Herb Thyme. Flavours of oranges and thyme are complimentary and classic.
Thyme is a Mediterranean herb. The ancient Greeks thought it endowed courage. The Romans spread the herb throughout their empire. In the kitchen, garden thyme adds subtle depth to classic, savory dishes. It has a pleasant, woodsy flavor that enhances gravies, meats, soups, vegetables, and so it is a favorite of chefs throughout the world.
Thyme can be grown from seed, cuttings can be rooted, or plants can be divided. In Edmonton, common garden thyme and lemon thyme survive the winter. There are numerous beautiful varieties of thyme - check out a local greenhouse or view the Richter's website.
To grow thyme from seed, get an early start. In February, lightly press the tiny thyme seeds in little pots of loose, light, moist soil. For high germination, put the pots in a warm spot. Spritz the soil with tepid water gently and regularly. Once the sprouts appear, thin carefully by cutting or gently plucking. Put the seedlings in a sunny spot - or better yet, under lights. Run a rotating fan across them for 10 minutes a day. This reduces the spindly stems and toughens them up.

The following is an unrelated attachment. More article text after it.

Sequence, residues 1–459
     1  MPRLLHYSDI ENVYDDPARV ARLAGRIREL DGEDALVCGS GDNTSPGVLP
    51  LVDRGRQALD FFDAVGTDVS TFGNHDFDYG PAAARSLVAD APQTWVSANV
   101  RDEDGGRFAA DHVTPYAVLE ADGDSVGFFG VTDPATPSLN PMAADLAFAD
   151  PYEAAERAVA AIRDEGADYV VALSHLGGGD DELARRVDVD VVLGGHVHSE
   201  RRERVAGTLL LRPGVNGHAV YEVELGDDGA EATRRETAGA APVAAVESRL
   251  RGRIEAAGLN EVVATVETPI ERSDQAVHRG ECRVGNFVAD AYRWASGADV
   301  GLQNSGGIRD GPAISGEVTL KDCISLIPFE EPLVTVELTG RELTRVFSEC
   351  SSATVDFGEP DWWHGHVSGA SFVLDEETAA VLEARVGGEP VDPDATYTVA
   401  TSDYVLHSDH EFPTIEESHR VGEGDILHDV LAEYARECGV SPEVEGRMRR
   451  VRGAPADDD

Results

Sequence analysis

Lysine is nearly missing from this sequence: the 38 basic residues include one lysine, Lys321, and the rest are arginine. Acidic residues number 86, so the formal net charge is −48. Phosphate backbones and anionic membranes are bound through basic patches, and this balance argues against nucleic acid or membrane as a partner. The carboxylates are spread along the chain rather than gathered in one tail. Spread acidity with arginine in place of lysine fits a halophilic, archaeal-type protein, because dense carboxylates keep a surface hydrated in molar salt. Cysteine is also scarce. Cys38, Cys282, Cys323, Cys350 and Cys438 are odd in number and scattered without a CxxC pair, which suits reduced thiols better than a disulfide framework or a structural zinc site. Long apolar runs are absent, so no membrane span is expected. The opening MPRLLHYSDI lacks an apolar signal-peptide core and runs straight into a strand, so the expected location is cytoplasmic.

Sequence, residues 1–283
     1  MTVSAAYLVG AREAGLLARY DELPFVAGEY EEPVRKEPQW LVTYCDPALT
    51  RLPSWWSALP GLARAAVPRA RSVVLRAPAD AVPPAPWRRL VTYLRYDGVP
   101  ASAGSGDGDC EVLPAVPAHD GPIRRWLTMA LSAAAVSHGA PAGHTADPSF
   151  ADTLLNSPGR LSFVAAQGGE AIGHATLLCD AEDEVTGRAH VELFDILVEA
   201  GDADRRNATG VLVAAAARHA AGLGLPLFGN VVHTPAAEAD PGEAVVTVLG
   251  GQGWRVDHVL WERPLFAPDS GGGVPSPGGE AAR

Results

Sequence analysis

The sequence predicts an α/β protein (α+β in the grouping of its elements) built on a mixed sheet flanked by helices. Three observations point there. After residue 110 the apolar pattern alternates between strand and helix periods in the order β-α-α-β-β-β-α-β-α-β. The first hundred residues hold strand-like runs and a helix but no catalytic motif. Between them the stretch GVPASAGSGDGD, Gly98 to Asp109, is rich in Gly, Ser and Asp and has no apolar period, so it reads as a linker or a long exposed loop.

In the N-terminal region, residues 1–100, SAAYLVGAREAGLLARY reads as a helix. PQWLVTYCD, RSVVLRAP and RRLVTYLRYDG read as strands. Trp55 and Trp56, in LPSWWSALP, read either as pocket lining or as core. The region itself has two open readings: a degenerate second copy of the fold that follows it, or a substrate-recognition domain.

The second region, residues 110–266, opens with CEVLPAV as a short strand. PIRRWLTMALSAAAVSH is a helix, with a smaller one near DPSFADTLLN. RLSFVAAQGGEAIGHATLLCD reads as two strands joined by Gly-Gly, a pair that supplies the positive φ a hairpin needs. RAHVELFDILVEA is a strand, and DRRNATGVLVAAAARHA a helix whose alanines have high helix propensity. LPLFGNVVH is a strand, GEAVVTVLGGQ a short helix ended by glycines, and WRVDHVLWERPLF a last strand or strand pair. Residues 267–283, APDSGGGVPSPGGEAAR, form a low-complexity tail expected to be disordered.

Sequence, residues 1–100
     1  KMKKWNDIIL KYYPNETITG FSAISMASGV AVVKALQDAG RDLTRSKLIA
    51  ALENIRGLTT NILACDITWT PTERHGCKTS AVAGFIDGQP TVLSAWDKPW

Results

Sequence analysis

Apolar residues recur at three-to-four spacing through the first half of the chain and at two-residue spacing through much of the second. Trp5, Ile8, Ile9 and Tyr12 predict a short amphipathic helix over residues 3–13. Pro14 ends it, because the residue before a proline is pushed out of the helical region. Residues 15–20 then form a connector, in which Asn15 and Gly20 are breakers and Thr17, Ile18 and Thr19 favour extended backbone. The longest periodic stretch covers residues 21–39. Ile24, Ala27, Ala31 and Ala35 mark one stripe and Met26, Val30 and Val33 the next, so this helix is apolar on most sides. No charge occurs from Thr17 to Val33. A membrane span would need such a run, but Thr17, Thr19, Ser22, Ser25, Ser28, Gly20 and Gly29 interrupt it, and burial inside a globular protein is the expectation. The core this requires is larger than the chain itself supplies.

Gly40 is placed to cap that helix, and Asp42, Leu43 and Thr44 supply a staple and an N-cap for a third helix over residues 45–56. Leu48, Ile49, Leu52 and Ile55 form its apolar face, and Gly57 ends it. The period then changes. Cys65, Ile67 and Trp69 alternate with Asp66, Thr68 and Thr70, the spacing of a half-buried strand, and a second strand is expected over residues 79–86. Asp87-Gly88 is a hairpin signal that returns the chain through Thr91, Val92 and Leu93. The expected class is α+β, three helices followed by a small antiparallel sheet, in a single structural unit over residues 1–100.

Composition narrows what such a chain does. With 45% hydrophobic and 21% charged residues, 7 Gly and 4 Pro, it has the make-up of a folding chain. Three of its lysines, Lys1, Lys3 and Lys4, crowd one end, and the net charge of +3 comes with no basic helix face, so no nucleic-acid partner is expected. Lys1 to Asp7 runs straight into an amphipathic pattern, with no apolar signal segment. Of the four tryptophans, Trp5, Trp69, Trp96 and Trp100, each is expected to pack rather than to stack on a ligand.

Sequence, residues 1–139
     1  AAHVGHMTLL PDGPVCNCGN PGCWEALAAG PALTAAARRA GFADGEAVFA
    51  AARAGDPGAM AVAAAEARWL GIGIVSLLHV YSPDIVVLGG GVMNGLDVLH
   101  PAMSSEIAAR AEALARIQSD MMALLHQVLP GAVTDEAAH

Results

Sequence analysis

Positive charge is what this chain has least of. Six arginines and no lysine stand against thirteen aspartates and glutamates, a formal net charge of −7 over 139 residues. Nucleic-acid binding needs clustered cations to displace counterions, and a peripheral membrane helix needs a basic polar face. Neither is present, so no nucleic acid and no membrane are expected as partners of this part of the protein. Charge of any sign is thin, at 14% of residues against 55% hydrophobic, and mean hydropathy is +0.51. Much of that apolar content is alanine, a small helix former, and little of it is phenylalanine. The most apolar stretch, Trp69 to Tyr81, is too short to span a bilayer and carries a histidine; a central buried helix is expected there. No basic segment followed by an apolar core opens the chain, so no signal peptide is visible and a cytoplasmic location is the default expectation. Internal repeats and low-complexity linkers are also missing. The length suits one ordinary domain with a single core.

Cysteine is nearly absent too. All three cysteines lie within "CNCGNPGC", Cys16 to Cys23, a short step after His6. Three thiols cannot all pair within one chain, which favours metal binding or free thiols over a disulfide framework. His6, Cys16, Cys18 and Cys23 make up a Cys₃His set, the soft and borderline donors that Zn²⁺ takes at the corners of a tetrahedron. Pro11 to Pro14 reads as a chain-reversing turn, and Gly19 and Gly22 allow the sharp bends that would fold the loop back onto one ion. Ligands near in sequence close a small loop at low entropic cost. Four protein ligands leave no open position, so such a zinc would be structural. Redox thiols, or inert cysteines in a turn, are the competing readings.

I think that most herbs taste better when they have been buffeted about by the winds outside and fed nutrients directly from the good earth. After about 8 weeks, when there is no danger of frost, the thyme plants are ready to go outside. Thyme can grow in poor soil but thrives in light loam. In sun or part shade, it is hardy and can survive drought once the roots are established.
Unless the winter is brutally cold with fluctuating temperatures, thyme usually comes back each spring in Edmonton. The plants survive for 3 years.